LIMA, Peru — Sep 13, 2017, 8:38 PM ET

Win-win: Paris awarded '24 Olympics, LA gets '28

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The tears welling in the Paris mayor's eyes told the story one way. The words the Los Angeles mayor spoke told it another.

This was one of those rare Olympic moments when everyone walked away a winner.

Paris for 2024. Los Angeles for 2028. And the International Olympic Committee for transforming its unruly, tension-filled and sometimes corrupt bidding process into a history-making, two-city victory that secures the future of the Games for the next 11 years.

"This is a pretty radical revolution today," LA mayor Eric Garcetti said. "Usually, we have two or three cities crying in a corner, and one glorious victory. In this world, there are enough losers today, enough people who go after dreams to have them crushed. Today, we model something that can be different."

Different, as in the first time the IOC has granted two Summer Olympics at once. And different, in that there was no need for a secret ballot or any last-minute, back-room deal making. This result came after a year's worth of scrambling by IOC president Thomas Bach, who had only the two bidders left for the original prize, 2024, and couldn't afford to see either lose.

There was no drama — the decision had been locked in for more than a month. But to say there was no emotion would not be true.

After Bach called for a show of hands to approve the dual award, dozens of arms shot skyward from the audience; moments later, Paris mayor Anne Hidalgo stood next to the IOC president dabbing tears from her eyes.

"It was a very strong, very emotive moment," Hidalgo said. "We are all united. Altogether, it's very special for us, because in France, and in other countries, that's not usual."

Moments after the vote, Bach handed cards with the winners' names on them to Hidalgo and Garcetti. One read "Paris 2024," and the other "LA 2028." It was a mere formality, yet both mayors held them aloft with wide smiles on their faces.

Both cities will host their third Olympics.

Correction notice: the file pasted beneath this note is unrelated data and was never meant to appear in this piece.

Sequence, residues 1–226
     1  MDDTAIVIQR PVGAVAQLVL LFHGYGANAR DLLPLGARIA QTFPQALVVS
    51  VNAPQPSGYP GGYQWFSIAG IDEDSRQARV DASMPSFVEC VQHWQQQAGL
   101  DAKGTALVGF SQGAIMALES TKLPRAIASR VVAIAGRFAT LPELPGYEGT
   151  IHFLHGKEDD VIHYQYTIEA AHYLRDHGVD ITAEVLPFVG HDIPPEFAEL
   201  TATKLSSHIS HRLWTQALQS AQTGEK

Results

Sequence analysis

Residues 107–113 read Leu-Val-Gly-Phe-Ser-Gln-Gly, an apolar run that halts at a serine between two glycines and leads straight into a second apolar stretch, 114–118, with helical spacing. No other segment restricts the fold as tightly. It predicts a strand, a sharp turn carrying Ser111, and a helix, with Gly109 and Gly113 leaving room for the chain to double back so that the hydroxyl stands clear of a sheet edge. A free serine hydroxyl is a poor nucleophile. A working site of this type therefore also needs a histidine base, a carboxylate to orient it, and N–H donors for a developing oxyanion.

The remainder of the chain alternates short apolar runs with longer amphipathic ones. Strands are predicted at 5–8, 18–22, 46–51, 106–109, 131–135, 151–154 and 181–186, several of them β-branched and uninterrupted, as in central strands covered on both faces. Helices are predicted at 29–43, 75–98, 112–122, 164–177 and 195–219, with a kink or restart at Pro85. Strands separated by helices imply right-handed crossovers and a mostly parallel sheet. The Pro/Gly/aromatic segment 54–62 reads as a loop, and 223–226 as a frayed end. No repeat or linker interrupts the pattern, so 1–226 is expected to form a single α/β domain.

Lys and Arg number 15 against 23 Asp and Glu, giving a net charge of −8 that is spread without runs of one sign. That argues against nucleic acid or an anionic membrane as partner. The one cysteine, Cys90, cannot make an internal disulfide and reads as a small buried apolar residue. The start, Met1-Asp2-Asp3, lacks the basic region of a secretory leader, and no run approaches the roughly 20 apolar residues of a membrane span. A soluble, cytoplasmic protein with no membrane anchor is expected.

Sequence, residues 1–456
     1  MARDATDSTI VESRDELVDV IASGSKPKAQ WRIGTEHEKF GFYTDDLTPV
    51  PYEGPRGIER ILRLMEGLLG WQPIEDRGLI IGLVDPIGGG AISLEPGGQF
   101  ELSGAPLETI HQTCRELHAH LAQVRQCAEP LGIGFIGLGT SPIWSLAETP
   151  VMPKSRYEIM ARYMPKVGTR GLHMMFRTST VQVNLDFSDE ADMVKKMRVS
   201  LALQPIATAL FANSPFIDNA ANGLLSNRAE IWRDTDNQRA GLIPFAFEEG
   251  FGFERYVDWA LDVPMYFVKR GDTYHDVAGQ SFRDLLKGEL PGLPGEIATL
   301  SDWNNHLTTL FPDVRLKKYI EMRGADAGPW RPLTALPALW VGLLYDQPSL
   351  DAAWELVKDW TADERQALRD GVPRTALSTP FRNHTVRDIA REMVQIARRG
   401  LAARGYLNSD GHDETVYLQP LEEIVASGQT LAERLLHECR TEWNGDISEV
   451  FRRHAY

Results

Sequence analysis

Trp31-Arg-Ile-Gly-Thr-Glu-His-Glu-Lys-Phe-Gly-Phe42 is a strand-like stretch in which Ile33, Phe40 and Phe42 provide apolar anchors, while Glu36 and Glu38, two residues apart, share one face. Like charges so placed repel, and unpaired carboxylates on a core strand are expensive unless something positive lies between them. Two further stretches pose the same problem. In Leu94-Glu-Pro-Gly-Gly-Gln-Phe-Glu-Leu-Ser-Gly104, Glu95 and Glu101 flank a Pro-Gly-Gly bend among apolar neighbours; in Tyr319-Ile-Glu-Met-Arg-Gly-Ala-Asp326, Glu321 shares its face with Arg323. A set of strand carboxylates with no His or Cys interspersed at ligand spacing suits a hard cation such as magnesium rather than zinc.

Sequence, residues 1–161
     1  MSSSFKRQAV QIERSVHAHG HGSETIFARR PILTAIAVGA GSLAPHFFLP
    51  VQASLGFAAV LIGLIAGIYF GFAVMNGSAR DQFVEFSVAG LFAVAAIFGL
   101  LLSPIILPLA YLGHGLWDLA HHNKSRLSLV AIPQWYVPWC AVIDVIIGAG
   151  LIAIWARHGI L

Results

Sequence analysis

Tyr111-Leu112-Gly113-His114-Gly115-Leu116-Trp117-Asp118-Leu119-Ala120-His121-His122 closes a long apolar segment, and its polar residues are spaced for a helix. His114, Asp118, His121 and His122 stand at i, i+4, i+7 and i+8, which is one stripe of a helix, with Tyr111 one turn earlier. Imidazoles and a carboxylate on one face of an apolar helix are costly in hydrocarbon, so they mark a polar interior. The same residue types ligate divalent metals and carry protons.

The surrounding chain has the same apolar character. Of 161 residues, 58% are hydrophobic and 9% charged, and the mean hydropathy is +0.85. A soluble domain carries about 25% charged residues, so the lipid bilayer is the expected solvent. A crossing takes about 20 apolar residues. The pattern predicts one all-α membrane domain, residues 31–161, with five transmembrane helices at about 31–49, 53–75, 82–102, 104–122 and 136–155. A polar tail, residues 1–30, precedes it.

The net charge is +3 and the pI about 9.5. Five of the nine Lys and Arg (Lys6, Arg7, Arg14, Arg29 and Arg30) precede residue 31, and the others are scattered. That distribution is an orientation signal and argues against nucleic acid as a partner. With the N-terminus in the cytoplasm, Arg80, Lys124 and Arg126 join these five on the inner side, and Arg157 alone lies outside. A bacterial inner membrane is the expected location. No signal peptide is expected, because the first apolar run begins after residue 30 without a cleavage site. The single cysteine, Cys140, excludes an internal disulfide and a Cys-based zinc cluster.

The Paris Games will come on the 100th anniversary of its last turn. That milestone, plus the fact that Paris has been on the losing end of these bids for 1992, 2008 and 2012, would have made the French capital the sentimental favorite had only 2024 been up for grabs.

Los Angeles moved to 2028, and those Olympics will halt a stretch of 32 years without a Summer Games in the United States. In exchange for the compromise, LA will grab an extra $300 million or more that could help offset the uncertainties that lie ahead over an 11-year wait instead of seven.

"We're ready now," Garcetti insisted, speaking of a city that has virtually every sports venue already in place.

Without any nail-biting conclusion to see, the post-vote celebration at the Eiffel Tower was a sparsely attended near rain-out. Los Angeles held a small event with Olympians Nastia Liukin and John Naber standing beneath the blazing Olympic cauldron at the famous LA Coliseum, but it was mostly media, and no fans.

Meanwhile, in the Lima exhibition hall, the California-cool LA delegation wore sneakers to the presentation, and was going to forego neckties, too, before thinking better of it.

In this never-before-seen style of selection, Bach asked the 94 IOC members to allow the real contests to play out at the Olympics themselves and transform the vote from a game of sorts into a pure business decision.

It wasn't such a bad idea considering the news still seeping out about a bid scandal involving a Brazilian IOC member's alleged vote-selling to bring the 2016 Olympics to Rio de Janeiro.

More than that, Bach needed to ensure stability for his brand.

The public in many cities is no longer keen to approve blank checks for bid committees and governments that have to come up with the millions simply to bid for the Olympics, then billions more to stage them if they win.

That reality hit hard when three of the original five bidders for 2024 — Rome, Hamburg, Germany, and Budapest, Hungary — dropped out, and the U.S. Olympic Committee had to pull the plug on its initial candidate, Boston, due to lack of public support.

"This is a solution to an awkward problem," said longtime IOC member Dick Pound of Canada.

It was solved by Paris and Los Angeles, two cities with a storied tradition of Olympic hosting and an apparent understanding of Bach's much-touted reform package, known as Agenda 2020. It seeks to streamline the Games, most notably by eliminating billion-dollar stadiums and infrastructure projects that have been underused, if used at all, once the Olympics leave town.

Can they deliver?

Paris will have the traditional seven-year time frame to answer that.

Only one totally new venue is planned — a swimming and diving arena to be built near the Stade de France, which will serve as the Olympic stadium. In all, the projected cost of new venues and upgrades to others is $892 million.

To be sure, Paris already has much to work with. Beach volleyball will be played near the Eiffel Tower; cycling will finish at the Arc de Triomphe; equestrian will be held at the Chateau de Versailles. And what would an Olympics be without some water-quality issues? There will be pressure to clean up the River Seine, which is where open-water and triathlon will be held.

Los Angeles, meanwhile, will get an extra four years that Garcetti insists is hardly needed. Los Angeles proposed a $5.3 billion budget for 2024 (to be adjusted for 2028) that included infrastructure, operational costs — everything. A big number, indeed, though it must be put into perspective: Earlier this summer, organizers in Tokyo estimated their cost for the 2020 Games at $12.6 billion.